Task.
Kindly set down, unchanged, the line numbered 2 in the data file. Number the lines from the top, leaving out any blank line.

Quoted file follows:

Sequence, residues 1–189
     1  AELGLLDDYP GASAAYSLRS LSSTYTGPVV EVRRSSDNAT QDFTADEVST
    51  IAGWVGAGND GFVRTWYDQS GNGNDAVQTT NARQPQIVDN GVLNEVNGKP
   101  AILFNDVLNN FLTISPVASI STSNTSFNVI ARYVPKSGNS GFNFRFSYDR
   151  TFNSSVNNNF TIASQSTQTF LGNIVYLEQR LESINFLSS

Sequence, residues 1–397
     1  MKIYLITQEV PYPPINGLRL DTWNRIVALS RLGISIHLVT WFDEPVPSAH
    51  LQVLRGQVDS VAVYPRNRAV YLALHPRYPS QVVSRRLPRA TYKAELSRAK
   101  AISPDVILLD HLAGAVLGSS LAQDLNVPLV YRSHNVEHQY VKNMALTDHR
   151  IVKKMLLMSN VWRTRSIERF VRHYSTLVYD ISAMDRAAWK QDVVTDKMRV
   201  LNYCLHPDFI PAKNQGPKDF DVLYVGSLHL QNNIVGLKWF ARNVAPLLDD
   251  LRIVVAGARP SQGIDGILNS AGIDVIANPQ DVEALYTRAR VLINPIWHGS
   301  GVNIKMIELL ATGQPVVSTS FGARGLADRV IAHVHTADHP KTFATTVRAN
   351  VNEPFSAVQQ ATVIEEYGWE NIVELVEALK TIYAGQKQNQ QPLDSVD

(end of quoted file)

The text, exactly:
     1  AELGLLDDYP GASAAYSLRS LSSTYTGPVV EVRRSSDNAT QDFTADEVST